[edit] Habitat Cantharellus species are found throughout the world in association with mycorrhizal host plants, including Africa, Europe, Asia, North America, South America, and Australia. Chanterelles are associated with either conifers or hardwood trees, depending on species. They are often found with oaks in California[13] and Texas.[14] In Scotland, chanterelles grow in mixed forests of silver birch and scots pine, especially when the forest has plenty of moist, mossy undergrowth. In Fife they are common under beech. They are In Spain they associate with sweet chestnut. A walk in the woods after rain should prove fruitful from late July through the Autumn.[citation needed]

usually (but not always) found in the same places as wild blueberries.

[edit] Use in food Chanterelles in general go well with eggs, curry, chicken, pork, fish, beef and veal, can be used as toppings on pizzas, be stewed, marinated, sauteed, or used as filling for stuffed crêpes. Of course these are just examples; chanterelles are versatile and can be added as an ingredient to most dishes. In European cuisine, chanterelles are often served with venison. A traditional method of preparing these mushrooms is sauteed and then used to make scrambled eggs. Many mushroom enthusiasts just like chanterelles sauteed in butter, with a pinch of salt, a clove of fresh crushed garlic and some whipping cream. This recipe is said to bring out the subtle flavor of the chanterelle without masking it with other aromas. This recipe has the added benefit of retaining flavor even after being stored frozen. It is a feature of Viennese cuisine.[15] [edit] Preparation and storage Since the mushrooms hold a lot of water, they are often prepared using a “dry sauté” method: after cleaning, the mushrooms are sliced and put in a covered pan over high heat with no oil or butter. The mushrooms then release much of their water, which can be allowed to boil off or be poured off and used as a stock. Most people often cook the mushrooms with butter because it “sweetens” them. Chanterelles can also be pickled in brine. Salted water is brought to a boil and pickling spices such as peppercorns, mustard seeds, and thyme are added. The mushrooms are then cooked in this solution for 5–10 minutes before being transferred to sterilized bottles along with some of the liquid. Sliced garlic and dill can be added to the bottles for extra flavor. The remaining liquid forms an excellent stock for making soup. When pickled in this way, chanterelles can last from six to twelve months. Another storage technique is drying. Mushrooms can be dried with gentle heat in an oven at temperatures of 65°C (149°F) or less. A vacuum process is also practical on large orders. A few hours before final preparation, put dry mushrooms in water which they absorb for returning to nearly original size. Mushrooms can then be used as fresh, and will last indefinitely as dry. Fresh chanterelles can generally be stored up to ten days in a refrigerator. [edit] Similar species Decurrent ridged hymenium (“false gills”) on the underside of the cap of Cantharellus cibarius (Hygrophoropsis aurantiaca) has finer, more orange gills and a darker cap. It edible, but typically a culinary disappointment. The very similar Jack O’Lantern mushroom (Omphalotus olearius) and species (Omphalotus olivascens) are very poisonous, though not lethal have true gills (unlike chanterelles) which are thinner, have distinct crowns, and generally reach up to the edge. Additionally, the Jack-O-Lantern mushroom is bioluminescent. Species in the genera Craterellus, Gomphus, and Polyozellus may also somewhat chanterelle-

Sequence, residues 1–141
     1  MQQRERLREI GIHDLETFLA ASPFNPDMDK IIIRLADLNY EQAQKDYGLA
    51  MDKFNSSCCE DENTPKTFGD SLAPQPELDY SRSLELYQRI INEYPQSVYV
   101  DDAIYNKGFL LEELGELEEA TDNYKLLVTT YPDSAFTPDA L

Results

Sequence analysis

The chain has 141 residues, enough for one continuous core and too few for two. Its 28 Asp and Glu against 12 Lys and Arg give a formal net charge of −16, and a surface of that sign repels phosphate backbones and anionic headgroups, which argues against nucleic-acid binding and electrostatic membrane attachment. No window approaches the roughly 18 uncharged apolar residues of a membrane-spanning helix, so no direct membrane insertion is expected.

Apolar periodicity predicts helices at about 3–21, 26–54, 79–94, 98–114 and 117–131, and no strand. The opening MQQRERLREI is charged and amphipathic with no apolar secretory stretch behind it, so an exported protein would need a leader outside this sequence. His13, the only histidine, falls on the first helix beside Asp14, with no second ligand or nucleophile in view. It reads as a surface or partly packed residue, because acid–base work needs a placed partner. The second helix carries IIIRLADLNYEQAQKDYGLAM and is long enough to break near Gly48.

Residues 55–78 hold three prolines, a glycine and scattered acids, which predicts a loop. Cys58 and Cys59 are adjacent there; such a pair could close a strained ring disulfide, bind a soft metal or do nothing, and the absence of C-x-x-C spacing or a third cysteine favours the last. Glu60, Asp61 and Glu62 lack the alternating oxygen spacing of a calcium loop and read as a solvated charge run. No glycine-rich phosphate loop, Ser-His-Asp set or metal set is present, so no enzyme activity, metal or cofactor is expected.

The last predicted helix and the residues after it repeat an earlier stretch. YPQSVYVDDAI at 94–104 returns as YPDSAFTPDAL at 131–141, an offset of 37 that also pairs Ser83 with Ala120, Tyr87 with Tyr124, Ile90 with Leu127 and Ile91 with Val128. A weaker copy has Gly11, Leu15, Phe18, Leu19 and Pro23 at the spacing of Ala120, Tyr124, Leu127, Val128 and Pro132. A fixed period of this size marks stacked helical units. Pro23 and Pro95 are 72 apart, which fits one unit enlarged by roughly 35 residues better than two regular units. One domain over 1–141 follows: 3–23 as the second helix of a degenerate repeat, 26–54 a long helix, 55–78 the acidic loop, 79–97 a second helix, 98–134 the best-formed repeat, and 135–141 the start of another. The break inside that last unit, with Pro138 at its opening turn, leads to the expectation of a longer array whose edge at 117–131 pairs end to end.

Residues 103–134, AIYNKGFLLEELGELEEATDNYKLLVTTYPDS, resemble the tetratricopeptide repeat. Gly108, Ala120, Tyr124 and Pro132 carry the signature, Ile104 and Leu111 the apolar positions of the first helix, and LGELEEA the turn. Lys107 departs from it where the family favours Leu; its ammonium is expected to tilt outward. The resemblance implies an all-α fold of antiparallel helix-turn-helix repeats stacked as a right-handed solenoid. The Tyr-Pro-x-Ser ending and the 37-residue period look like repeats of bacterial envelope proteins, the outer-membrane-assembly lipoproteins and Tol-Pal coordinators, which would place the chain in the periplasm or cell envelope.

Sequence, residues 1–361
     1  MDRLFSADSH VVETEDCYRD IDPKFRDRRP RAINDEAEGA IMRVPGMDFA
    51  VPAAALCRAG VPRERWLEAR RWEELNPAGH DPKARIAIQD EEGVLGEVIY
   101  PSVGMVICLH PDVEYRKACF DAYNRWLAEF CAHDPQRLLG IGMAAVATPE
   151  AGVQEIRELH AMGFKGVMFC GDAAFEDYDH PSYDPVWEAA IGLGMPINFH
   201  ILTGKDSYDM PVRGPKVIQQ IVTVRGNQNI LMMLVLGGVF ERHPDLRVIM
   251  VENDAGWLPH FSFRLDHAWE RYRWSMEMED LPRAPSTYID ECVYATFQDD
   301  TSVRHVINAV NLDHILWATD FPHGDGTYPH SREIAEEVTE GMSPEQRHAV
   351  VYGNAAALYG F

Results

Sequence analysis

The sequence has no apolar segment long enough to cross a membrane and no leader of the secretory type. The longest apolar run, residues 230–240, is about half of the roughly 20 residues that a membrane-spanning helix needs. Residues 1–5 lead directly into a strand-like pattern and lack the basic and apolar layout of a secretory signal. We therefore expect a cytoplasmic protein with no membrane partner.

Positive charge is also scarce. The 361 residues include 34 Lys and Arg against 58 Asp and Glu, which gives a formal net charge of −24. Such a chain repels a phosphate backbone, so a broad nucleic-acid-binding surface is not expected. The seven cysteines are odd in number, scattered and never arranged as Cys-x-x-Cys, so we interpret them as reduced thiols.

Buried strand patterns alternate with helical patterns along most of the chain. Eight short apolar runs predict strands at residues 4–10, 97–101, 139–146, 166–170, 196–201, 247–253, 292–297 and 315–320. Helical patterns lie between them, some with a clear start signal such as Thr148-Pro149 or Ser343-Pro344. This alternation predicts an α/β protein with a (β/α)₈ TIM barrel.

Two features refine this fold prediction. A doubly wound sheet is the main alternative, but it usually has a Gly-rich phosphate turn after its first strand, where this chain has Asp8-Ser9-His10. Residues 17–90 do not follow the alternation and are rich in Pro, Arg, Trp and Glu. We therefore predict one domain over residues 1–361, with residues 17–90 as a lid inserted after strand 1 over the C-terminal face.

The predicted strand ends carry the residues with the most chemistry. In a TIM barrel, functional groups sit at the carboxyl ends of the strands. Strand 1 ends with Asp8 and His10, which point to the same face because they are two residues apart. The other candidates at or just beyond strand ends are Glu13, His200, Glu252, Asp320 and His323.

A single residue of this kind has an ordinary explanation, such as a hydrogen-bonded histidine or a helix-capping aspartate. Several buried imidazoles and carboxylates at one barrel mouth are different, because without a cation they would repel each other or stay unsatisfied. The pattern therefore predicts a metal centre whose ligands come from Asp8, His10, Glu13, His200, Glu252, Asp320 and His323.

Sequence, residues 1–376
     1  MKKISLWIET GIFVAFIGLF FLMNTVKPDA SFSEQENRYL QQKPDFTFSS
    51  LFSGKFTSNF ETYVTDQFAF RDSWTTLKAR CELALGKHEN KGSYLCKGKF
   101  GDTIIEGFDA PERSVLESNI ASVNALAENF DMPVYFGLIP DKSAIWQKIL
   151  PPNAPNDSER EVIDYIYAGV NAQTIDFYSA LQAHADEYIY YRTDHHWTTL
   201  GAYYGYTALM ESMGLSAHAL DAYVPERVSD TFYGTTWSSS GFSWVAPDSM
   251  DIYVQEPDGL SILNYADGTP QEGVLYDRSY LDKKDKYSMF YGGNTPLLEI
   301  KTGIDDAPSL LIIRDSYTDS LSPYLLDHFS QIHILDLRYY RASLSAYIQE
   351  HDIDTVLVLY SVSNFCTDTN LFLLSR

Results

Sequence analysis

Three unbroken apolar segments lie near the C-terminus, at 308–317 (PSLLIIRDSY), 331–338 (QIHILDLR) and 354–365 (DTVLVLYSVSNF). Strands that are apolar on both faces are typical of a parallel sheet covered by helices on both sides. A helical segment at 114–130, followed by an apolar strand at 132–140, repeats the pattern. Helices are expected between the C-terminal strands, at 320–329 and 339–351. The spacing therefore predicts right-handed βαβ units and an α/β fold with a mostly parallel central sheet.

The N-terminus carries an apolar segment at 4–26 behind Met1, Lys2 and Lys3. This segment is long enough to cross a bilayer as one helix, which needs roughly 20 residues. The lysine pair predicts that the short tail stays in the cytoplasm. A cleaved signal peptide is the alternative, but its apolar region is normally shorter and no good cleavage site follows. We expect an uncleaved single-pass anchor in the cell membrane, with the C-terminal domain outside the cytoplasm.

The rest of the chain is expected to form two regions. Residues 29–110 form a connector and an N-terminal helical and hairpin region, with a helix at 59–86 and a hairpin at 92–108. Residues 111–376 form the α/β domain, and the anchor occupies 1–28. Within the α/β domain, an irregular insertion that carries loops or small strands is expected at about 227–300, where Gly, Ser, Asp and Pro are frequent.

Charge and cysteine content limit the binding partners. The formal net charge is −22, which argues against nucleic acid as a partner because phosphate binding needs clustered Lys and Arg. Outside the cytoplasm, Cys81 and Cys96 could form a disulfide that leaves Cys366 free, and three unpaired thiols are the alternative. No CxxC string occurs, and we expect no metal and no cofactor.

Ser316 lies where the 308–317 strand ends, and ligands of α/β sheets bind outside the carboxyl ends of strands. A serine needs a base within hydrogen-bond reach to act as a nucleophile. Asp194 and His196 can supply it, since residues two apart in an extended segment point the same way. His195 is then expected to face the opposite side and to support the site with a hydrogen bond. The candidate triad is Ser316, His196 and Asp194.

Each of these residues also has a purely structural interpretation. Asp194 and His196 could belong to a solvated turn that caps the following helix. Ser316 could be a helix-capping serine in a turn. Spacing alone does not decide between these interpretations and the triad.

The False Chanterelle . They appearance.

its sister

is do not have a

like

POEM BY KATE LEBO

You're Reading a Free Preview

Download
scribd
/*********** DO NOT ALTER ANYTHING BELOW THIS LINE ! ************/ var s_code=s.t();if(s_code)document.write(s_code)//-->